Borrowing Being a Major Means of Financing Infrastructure Results in Nigeria’s High Debt Profile- Hamalai


  • Posted on

    Thursday November 2017

  • Posted at

    08:14 AM

Link

http://nils.gov.ng/news/item/209

The Director-General of the National Institute for Legislative Studies (NILS), Prof. Ladi Hamalai, said borrowing had been a major means of financing infrastructure, making the country’s debt profile high.

She made this known at a one in the series of Public Lectures on Review of 2018 Budget Estimates and Analysis organized by the Institute on Wednesday, 29th November, 2017 at the NILS training room in Abuja.
Hamalai said that there was need for stakeholders to come up with debt management strategies to make debt-servicing easier. “The stakeholders here should come up with suggestions that we will send to policy makers and the lawmakers who are waiting for the outcome of this workshop. “This will enable them make their own contributions in coming up with required framework on issues that have been weighing the country down,’’ she said. She called for proper planning, saying that it was important in infrastructure development. The Director-General said that a Bill was being drafted in that regard to ensure a development plan that would last for at least two years without interruption.

According to her, once the Bill becomes law, it will be mandatory to complete ongoing projects before proceeding with new ones.

The former Minister of Budget and Planning, Dr Shamsuddeen Usman, who was a guest presenter at the Public Lecture said about 2,900 billion dollars was required for Nigeria’s infrastructure development from 2014 to 2044.. He decried the infrastructure deficit in the country, and said that the estimates for infrastructure development were arrived at when Nigeria’s 30 years Integrated Master Plan was developed a few years ago.

He explained that out of the development projection, 127 billion dollars was earmarked to be spent between 2014 and 2018. The former minister added that from the 127 billion dollars estimate, an average of 25 billion dollars was estimated for infrastructure development annually during the period. However, he disclosed that in spite of the estimation, only between Nine billion dollars and 10 billion dollars was currently being spent on infrastructure development. “We are not doing well against our competitors like Brazil, China and South Africa. “We need an integrated infrastructure development like other countries to put the country on the same pedestal with these countries. “Unfortunately, the kind of coordination and integration we need to develop our infrastructure is not there because the various agencies of government do not collaborate to make this happen,’’ he said.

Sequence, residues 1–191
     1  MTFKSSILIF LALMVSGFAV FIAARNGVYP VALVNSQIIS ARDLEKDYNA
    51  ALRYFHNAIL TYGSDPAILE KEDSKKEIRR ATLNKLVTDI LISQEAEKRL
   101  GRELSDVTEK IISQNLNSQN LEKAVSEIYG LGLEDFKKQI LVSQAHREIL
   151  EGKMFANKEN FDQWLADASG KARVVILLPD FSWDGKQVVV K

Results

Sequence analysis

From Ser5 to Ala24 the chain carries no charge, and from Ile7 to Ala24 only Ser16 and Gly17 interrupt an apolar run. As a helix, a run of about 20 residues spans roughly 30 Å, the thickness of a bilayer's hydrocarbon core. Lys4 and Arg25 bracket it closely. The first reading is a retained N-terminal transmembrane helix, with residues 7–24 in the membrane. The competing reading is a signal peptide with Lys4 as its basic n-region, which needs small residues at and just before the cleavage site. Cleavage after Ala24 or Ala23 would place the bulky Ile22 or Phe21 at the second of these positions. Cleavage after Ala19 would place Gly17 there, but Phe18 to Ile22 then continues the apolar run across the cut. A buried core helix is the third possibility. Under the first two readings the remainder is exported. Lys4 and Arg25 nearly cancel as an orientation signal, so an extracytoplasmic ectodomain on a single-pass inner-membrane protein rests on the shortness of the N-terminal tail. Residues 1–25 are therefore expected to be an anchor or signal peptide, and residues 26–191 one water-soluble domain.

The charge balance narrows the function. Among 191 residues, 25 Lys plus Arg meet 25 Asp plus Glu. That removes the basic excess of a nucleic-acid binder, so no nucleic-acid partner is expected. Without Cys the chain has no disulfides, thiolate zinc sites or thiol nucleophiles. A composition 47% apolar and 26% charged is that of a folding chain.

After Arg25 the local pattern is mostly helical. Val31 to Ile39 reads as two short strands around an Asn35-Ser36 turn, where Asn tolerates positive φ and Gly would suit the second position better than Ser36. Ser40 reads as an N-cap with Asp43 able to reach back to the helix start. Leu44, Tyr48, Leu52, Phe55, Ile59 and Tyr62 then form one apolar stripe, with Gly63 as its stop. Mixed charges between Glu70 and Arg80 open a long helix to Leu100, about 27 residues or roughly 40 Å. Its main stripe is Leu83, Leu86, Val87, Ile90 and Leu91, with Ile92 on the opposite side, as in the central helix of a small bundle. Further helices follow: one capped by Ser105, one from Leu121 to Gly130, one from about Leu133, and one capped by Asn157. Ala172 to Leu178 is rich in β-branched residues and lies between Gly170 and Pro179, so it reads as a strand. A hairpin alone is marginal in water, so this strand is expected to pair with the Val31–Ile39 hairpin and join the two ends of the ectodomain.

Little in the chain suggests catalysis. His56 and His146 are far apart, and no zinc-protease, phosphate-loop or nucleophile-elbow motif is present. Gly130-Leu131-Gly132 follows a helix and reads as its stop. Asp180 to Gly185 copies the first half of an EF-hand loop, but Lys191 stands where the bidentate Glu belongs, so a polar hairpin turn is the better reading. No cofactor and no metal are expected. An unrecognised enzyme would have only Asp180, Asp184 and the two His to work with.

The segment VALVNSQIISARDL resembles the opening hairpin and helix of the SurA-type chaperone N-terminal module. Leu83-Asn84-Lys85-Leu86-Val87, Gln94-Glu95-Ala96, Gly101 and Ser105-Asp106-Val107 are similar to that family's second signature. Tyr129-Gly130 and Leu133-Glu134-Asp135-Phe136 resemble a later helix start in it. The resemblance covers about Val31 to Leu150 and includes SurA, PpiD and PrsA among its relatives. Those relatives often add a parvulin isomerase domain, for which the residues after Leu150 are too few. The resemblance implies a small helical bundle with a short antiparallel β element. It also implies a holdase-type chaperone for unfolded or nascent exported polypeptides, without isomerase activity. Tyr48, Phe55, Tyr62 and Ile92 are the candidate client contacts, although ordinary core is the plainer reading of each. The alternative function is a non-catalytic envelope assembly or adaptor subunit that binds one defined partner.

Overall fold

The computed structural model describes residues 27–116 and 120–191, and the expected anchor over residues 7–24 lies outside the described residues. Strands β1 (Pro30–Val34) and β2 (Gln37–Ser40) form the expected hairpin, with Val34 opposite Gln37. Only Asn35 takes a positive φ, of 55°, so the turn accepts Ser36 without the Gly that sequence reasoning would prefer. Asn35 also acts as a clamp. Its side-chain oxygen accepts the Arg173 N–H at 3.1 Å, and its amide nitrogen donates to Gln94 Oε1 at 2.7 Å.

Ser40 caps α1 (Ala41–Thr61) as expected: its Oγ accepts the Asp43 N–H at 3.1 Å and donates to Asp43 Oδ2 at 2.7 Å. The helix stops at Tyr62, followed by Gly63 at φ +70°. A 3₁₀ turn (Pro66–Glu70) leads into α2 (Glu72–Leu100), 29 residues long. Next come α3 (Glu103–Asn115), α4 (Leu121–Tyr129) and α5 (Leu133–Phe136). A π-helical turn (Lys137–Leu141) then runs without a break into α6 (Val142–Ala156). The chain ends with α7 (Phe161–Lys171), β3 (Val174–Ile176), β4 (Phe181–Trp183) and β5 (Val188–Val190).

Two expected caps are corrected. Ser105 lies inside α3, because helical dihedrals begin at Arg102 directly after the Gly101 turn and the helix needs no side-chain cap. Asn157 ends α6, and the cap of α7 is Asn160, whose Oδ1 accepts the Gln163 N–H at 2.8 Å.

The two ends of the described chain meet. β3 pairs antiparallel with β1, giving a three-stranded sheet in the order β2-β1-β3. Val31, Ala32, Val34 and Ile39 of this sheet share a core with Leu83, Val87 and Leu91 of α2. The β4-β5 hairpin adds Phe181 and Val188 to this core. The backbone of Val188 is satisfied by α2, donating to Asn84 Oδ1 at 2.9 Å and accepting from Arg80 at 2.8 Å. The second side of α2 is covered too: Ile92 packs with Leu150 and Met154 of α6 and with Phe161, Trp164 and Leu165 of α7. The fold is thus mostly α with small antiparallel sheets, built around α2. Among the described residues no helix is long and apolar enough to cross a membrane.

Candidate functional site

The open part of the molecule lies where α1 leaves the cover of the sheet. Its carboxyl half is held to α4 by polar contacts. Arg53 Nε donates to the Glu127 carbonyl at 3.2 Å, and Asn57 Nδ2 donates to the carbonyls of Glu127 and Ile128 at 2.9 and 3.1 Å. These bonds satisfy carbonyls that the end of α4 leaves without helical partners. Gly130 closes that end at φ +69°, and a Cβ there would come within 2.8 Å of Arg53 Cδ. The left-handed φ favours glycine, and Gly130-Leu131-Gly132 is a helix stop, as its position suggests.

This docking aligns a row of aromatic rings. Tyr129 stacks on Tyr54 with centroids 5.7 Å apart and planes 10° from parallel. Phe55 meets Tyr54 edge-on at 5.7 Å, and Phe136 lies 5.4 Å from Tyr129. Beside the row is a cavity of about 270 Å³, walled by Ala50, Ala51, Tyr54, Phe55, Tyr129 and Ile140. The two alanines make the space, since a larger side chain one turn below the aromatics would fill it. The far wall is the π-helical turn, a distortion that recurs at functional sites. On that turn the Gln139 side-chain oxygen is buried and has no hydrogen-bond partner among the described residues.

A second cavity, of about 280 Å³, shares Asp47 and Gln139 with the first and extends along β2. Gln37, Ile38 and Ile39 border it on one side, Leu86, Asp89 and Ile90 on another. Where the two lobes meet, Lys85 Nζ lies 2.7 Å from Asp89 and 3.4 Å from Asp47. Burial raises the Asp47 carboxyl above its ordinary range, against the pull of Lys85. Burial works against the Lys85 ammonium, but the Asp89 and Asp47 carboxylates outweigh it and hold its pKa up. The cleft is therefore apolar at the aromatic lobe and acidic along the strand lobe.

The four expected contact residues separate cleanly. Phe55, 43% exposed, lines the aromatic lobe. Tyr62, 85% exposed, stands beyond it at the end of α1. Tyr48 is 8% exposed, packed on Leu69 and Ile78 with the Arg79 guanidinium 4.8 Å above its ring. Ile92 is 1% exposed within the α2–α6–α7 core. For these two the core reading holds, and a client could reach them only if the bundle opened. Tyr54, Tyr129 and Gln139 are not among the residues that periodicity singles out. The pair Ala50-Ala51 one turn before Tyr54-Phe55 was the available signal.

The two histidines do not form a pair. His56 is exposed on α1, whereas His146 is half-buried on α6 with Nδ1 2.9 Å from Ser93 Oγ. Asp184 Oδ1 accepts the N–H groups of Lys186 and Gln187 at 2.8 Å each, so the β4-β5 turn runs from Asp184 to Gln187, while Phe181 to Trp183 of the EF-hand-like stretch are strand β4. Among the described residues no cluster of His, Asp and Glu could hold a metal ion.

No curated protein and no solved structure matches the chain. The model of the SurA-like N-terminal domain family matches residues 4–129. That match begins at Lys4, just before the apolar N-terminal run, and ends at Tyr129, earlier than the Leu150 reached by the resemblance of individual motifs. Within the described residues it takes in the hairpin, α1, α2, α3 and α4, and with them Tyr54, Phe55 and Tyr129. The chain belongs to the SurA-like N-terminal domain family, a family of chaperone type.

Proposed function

Usman pointed out that different factors were responsible for the country’s infrastructure deficit, which had adverse effect on economic development.

According to him, there is a need to address not only the amount of money earmarked for infrastructure but the quality of infrastructure that will stand the test of time. He called for a focus on national infrastructure development that was aligned to regional and local infrastructure for optimum result.

The former minister also called for Public-Private-Partnership (PPP) in the country’s development plan, adding that many private investors were interested in partnering with government to develop the country’s infrastructure. “Public investment in infrastructure can be increased through selling of assets, which is privatization. “Also given the fiscal and other political and social constraints, private finance can make a significant contribution. “Institutional investors and banks have about 120 trillion dollars in assets that could support infrastructure investment. “In the same vein, there is a growing appetite for investing in infrastructure by different classes of private investors. “Unfortunately, there are several factors inhibiting the PPP and they include confusing and conflicting signals from governments, their agencies and regulators.

“There is also lack of proper identification and allocation of risks and lack of consistency in deal flow,’’ he said. He also stressed the need for consistency in policies and programmes, continuous reforms to bring down cost of projects, more focused anti-corruption crusade and improvement in due process.

Usman, however, commended the present administration for improvement in Ease-of-Doing-Business and other efforts aimed at improving the country’s infrastructure development.